Mattie’s Musings: College Obsessions and My Own Possessions

Filling out college applications seems to be the highest trending item on Senior Conversation Topics 101 and the greatest consumer of our time.

Some of these applications force us to paint a pretty picture of ourselves, answering their questions: yes I’m a leader and here’s why, yes I’ve helped the community and here’s how, yes I have test scores and here’s what they are, yes I’ve done things for the past three years and here’s what.

I answered those questions, and I turned in my first college application, Oct. 25. Hours of writing the essays, weeks of filling the boxes, months of staring at the application, and it was done.

For more than a few moments, I dueled with the computer screen, an intense staring contest between my eyes and the submit button.

I lost, and decided to look over the application again.

What struck me the most were the numbers. No, not the grade or test score numbers, but the numbers of hours. For each of my extracurricular activities, I listed the hours per week and weeks per year that it consumed. On this digitized piece of paper, all that the Women in Computer Science Club or the Astronomy Club or the water polo team is is a couple of numbers and a 100-character blurb.

Within those numbers and characters, I couldn’t include descriptions of the time I laughed myself to the floor during a WICS meeting with friends, or the time that I excitedly learned how to align a telescope, or the countless times that I got hit in the head with a water polo ball.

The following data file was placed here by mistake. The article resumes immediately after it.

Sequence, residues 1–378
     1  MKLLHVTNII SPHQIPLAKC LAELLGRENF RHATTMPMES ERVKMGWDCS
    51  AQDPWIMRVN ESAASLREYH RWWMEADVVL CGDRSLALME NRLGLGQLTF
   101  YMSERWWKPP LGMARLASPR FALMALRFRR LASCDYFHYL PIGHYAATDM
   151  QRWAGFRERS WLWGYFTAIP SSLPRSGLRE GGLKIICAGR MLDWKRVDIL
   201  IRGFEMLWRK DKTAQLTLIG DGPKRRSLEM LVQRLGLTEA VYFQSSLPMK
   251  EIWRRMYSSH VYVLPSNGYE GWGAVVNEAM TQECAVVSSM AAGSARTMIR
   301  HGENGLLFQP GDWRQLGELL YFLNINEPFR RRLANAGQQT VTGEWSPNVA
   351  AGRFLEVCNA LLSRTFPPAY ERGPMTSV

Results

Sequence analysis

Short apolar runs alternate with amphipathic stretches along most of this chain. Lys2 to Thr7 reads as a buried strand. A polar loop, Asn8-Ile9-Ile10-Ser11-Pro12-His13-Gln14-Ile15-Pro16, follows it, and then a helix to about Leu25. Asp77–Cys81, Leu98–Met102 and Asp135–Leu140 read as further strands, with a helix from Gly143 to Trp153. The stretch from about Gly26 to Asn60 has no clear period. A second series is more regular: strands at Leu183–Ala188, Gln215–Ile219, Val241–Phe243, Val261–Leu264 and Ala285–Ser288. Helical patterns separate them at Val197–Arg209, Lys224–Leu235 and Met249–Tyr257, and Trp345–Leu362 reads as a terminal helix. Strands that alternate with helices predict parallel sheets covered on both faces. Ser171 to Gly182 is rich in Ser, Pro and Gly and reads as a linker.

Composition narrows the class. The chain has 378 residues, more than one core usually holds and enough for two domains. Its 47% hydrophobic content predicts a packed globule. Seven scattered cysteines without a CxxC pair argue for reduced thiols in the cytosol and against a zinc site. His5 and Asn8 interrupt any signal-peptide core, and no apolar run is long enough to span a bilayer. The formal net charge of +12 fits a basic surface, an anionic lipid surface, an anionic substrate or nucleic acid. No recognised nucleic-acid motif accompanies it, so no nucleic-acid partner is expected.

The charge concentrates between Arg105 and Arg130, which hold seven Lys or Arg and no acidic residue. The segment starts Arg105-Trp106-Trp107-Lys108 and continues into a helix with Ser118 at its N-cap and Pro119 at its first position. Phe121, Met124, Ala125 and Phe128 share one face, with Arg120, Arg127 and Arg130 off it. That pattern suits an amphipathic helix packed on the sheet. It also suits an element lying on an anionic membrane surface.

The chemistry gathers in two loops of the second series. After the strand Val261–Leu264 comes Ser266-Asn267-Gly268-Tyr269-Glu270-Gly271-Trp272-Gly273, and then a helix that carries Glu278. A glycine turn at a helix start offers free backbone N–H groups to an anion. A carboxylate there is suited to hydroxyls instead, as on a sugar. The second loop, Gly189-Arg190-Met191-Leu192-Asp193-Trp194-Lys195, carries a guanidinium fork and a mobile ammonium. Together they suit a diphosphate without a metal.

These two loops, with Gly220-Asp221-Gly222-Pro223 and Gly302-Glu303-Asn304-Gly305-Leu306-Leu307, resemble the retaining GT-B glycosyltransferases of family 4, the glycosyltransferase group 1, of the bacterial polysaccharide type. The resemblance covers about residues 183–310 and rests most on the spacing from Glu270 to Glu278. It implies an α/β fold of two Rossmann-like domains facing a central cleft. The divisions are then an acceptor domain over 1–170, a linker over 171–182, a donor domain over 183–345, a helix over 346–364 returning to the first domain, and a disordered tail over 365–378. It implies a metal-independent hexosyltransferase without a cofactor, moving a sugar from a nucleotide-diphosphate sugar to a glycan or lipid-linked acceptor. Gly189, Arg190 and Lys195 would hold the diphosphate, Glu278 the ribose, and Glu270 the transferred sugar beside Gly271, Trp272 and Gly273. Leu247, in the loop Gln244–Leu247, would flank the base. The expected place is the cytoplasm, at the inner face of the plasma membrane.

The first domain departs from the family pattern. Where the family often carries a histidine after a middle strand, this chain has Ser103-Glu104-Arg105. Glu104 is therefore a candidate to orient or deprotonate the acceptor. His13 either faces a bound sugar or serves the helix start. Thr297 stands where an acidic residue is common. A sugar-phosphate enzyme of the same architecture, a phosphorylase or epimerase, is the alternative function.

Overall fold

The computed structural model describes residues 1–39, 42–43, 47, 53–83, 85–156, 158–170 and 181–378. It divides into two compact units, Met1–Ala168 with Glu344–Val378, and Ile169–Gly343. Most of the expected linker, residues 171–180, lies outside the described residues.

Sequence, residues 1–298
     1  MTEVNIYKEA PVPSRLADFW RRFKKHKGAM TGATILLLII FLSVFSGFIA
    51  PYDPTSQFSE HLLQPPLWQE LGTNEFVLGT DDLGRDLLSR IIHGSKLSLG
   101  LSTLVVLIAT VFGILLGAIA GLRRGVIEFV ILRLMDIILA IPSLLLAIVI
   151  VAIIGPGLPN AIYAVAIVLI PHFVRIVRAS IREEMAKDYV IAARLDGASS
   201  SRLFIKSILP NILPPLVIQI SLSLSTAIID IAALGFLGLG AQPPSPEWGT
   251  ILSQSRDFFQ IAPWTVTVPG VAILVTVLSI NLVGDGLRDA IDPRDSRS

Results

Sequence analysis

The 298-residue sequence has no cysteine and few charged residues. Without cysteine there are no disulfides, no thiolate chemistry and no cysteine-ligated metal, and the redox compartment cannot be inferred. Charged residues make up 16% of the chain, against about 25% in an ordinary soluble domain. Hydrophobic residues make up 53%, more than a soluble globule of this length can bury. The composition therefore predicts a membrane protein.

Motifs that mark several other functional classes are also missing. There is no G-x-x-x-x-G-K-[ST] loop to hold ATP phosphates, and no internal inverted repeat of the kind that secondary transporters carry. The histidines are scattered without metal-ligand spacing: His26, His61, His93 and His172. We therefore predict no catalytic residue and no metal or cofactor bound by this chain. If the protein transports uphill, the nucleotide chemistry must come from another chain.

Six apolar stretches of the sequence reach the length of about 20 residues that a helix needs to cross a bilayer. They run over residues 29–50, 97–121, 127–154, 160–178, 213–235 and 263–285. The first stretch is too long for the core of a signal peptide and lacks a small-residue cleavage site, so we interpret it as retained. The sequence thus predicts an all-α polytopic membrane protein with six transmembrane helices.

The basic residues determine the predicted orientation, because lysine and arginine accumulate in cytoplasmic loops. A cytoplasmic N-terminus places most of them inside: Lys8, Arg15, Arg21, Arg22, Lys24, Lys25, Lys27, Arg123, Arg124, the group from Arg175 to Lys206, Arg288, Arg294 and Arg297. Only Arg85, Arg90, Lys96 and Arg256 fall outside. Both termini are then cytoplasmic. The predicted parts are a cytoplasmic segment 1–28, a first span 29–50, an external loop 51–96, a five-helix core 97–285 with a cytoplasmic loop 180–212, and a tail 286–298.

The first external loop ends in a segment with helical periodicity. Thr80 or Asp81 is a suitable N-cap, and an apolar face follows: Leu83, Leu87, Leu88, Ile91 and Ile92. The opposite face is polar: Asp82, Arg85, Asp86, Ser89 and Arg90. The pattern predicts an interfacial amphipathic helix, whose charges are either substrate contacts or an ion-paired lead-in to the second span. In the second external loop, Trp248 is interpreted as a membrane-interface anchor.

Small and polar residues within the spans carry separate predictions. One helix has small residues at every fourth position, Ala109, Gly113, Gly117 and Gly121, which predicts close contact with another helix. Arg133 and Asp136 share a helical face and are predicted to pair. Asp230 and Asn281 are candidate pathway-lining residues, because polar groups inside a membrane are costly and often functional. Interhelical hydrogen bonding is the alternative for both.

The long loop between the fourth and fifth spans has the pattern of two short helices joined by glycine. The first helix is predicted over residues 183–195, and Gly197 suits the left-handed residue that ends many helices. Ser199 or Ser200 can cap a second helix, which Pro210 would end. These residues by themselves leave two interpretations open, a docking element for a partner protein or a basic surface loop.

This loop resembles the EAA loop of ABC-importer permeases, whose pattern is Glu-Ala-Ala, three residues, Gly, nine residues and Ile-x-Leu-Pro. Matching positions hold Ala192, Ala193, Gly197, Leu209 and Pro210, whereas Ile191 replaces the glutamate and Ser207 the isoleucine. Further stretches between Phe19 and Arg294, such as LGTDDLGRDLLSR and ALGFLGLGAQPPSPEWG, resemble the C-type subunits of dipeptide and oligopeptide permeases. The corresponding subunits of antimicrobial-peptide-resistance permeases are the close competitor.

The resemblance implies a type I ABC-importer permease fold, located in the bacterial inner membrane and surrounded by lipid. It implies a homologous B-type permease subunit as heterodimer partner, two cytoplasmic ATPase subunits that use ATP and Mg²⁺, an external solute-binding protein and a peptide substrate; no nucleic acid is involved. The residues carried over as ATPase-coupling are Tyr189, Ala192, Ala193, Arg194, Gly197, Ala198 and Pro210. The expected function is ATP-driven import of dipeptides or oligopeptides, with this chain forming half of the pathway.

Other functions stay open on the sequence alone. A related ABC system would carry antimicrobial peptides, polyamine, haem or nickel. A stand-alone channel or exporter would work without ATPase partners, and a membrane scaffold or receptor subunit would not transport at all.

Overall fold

There’s only so much you can fit on a college application, so much you can record in numbers and characters. That picture that we paint of ourselves for colleges, it’s not entirely complete.  Sure, it’s still a self-portrait, but it’s still just a painting.

I’ve heard people, fellow members of the Senior Stress Party, claim that we’re selling our souls to colleges, nearly emptying ourselves out and sending it off.

But, it’s just a painting.

After I submitted to the submit button, my experiences still belonged to me. As I work on the next applications, my experiences still belong to me.

Our extracurricular activities are more to us than the numbers and the 100 characters, and our whole high school experience is more to us than the portrait that we paint for colleges.

When we walk out of here on June 14, we’re taking with us a collection of memories. It includes everything, even the little things that didn’t fit in the numbers and characters.

But there I was, still staring at the numbers and characters. Sure, it was a nice little picture of myself. It holds the days and weeks and months that it took to fill it out. But I get to hold the years that it took to get to where I am, and I get to take them with me when I leave.